Finding the right successor and building a good team can take time. But until you do, you will find it psychologically difficult to let go. This makes closing a thriving practice difficult, especially for solo practitioners. As Gretchen Morris discovered, clients either did not read her retirement letter, they forgot it, or they did not want to believe it. Depending upon the type of law you practice, clients generally do not want to start from scratch with someone else. When you become their trusted advisor, it is difficult to transfer your favorite clients to someone else. You feel indispensable. It is hard to let go and give up control. After all, you have spent your career trying to control outcomes.

This process is much easier for shareholders or partners in larger firms. As Ray Shaw notes, he had the confidence to be dispensable because he believed that files given to associates or paralegals in his firm would be handled just as well or maybe even better than if he had handled them himself.

Another part of letting go is putting closure on your career accomplishments. If you still want to argue a case before the Supreme Court, win the Big One, publish, hit the lecture circuit, build a more efficient practice or mentor young attorneys, you may not be ready to retire until you do.

For a variety of reasons many lawyers choose not to fully retire. They dabble at it by working at law and retirement part time. This works well for those who love what they do or who still need supplemental retirement income. But it doesn't work for everyone, as Gretchen Morris learned. The new estate tax law was her final straw. She didn't want to sacrifice travel plans and time with grandchildren to maintain her CLE requirements and upgrade her competence for the new law.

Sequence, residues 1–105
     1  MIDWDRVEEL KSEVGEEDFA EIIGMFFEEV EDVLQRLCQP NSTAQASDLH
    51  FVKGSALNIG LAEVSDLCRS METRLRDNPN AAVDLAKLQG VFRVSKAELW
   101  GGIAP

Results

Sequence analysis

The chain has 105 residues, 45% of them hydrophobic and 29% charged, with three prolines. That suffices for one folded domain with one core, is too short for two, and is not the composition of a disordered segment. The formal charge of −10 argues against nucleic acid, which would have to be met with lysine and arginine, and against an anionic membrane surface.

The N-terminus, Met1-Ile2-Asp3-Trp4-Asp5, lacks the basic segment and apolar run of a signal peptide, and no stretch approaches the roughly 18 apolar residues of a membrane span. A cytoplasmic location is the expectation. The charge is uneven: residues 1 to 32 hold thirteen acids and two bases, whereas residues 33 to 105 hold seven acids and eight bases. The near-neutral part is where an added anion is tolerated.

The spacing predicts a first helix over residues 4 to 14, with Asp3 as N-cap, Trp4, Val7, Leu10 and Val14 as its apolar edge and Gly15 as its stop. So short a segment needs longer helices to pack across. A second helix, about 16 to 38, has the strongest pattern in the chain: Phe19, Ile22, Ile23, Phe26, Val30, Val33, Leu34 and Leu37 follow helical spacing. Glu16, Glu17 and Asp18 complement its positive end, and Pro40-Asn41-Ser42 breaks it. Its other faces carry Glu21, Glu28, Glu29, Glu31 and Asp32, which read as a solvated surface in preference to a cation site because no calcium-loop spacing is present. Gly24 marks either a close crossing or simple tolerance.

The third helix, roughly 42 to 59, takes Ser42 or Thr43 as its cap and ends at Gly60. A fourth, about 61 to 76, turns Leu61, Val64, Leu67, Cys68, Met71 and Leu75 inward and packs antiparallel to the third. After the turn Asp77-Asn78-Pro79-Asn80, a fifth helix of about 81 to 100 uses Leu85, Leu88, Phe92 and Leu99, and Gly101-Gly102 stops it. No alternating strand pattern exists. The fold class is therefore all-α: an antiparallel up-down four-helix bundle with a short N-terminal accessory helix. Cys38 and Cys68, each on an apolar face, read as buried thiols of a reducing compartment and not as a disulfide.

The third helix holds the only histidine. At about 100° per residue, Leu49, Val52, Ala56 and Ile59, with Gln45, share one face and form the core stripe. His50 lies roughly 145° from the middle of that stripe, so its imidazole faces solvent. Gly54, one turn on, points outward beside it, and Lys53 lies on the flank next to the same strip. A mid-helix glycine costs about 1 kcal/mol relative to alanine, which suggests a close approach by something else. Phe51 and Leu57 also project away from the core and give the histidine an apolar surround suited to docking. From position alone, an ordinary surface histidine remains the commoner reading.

You also need to be psychologically prepared to deal with work issues while on extended vacations. As every lawyer has experienced, all it takes is one bad phone call from the office to completely destroy a vacation frame of mind. Sooner or later, due to these factors or health, the 'Dabbling Model' might run its course. Complete retirement might be forced upon you, so you need to address the issues mentioned above.

For better or worse, you and your spouse are together more, which can provide opportunities for conflict. You may have married each other 'for better or worse,' but probably not for lunch every day. Are your visions of retirement the same? Are your interests at least compatible?

Retirement involves three phases: 1) active (during the early years with health and energy), 2) passive (during the middle years with declining mobility and energy) and 3) final (the last part with failing health and no mobility). The questions in the sidebar on this page can help you develop some insightful thinking so that you can develop your retirement vision for all three phases.

Retirement planning is more than just numbers and pure financial planning. It is all about creating a vision for the rest of your life-planning for The Second Half. Yes, you need enough money and you need to know that you will have enough to stay comfortably retired under different market environments. But more importantly, retirement planning is about controlling the most important outcome of all by organizing your practice, financial resources, and your life now in a way that supports your vision for the rest of your life.

1. Why do I want to retire?
2. What do I really like/hate about my practice?
3. What is my vision of retirement?
4. Does my vision match that of my spouse?
5. Can we stand to be around each other 24 hours a day?
6. Does my vision include practicing part time?
7. Can I let go?
8. What would be a perfect day during each of the three phases of retirement?
9. Between now and when I retire, what is the most significant thing in my career that I would like to accomplish?
10. Between retirement and when I die, what is the most significant thing I would like to accomplish?


Ron Kelemen is a fee-based certified financial planner with The H Group, Inc. in Salem. He can be contacted at (503) 371-3333 or through his website at